Podcasting On-The-Go: Tips & Tech For Taking Your Show On The Road



If you’re planning to travel this summer, you might be considering taking a break from podcasting. But why not take the show on the road instead? We consulted three Blubrry team members to get their take on the equipment and strategies that can help you keep publishing regularly, no matter where in the world you are.

zoom

Todd Cochrane, CEO 

“For portable gear, a lot of people like the Zoom H6 ($399), myself included. There are cheaper options, though, including the Tascam DR-40 ($130) and the Zoom H4nSP ($159.) While these units have built-in mics, you should only use those as a last resort.

A headset/mic combo is convenient on the road – I really love the Audio-Technica BPHS1 ($199). It has an incredible mic and the headset lets you hear your environment perfectly so as you are not in a controlled environment you can make sure you position yourself in the best place to reduce noise. If you’re on a budget, consider the Eartec Lazer Single-Ear ($70.) These headsets are all XLR and work with the above recorders.

It can be tough to get good sound quality in hotels, but a few well-placed pillows can help you reduce echo in a room. I have done interviews in cars: it can be a little awkward but they almost act as a mini sound booth and you can get really good sound.”

Barry Kantz, CFO 

“I guess I go for the low end. I use a Logitech headset and go through quite a process in Adobe Audition to correct the dull audio I get from the mic on the headset. I use Audition’s macro function to zoom through the correction process. I think it turns out very well and I’m fussy about audio.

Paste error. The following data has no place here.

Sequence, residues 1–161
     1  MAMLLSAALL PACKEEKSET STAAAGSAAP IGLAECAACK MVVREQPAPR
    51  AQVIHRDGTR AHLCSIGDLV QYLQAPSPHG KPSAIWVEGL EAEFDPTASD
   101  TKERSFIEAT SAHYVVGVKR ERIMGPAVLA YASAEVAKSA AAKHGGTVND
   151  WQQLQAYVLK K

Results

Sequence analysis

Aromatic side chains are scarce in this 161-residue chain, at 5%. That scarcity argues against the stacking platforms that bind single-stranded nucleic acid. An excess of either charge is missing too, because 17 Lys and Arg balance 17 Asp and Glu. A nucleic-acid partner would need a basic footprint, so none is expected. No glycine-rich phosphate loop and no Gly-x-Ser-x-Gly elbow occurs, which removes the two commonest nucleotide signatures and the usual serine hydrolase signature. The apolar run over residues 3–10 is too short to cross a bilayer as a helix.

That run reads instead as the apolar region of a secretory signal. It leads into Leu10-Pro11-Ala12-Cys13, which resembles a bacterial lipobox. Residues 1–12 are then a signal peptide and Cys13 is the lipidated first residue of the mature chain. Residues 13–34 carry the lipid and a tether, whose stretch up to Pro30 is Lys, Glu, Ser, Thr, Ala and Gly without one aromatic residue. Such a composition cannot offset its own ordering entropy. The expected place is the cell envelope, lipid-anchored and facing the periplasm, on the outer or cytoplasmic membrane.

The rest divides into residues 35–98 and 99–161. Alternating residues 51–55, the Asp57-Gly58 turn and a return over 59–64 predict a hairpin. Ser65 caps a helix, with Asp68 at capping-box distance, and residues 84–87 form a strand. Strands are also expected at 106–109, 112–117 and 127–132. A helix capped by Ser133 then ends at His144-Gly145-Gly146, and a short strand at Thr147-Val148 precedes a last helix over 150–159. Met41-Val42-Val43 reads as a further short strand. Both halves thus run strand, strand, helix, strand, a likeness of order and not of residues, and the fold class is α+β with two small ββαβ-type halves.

Podcasting from our motorhome is becoming a common practice for me. It’s a challenge with dogs on board and the air conditioning turning on and off. I’ve recorded in the Jeep to avoid these challenges. I use my Zoom H4 to record in the car. As Todd said, a car is a good sound studio because of the close space and all the soft surfaces eliminating echoes.”

Brian Yuhnke, Creative Director

“For a portable studio, I recommend a Yeti mic ($130.) It has a USB port and has its own earbud input for no-delay monitoring. I recommend it to my students for their podcast projects. Other than that, you need a laptop, some earbuds/headphones and Audacity, Garage Band or Audition.”

 

What are your favorite tips and tools for taking your podcast on the road?

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